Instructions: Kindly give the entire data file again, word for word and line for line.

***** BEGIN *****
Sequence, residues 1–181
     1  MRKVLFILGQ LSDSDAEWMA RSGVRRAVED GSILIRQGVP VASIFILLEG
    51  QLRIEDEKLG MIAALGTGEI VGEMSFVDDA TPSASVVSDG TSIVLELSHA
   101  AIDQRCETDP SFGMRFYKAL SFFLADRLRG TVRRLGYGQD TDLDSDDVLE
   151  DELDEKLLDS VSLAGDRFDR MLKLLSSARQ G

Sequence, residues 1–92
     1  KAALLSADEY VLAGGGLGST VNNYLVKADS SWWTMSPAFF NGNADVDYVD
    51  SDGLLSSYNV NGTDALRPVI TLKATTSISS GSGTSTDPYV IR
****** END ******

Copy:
Sequence, residues 1–181
     1  MRKVLFILGQ LSDSDAEWMA RSGVRRAVED GSILIRQGVP VASIFILLEG
    51  QLRIEDEKLG MIAALGTGEI VGEMSFVDDA TPSASVVSDG TSIVLELSHA
   101  AIDQRCETDP SFGMRFYKAL SFFLADRLRG TVRRLGYGQD TDLDSDDVLE
   151  DELDEKLLDS VSLAGDRFDR MLKLLSSARQ G

Sequence, residues 1–92
     1  KAALLSADEY VLAGGGLGST VNNYLVKADS SWWTMSPAFF NGNADVDYVD
    51  SDGLLSSYNV NGTDALRPVI TLKATTSISS GSGTSTDPYV IR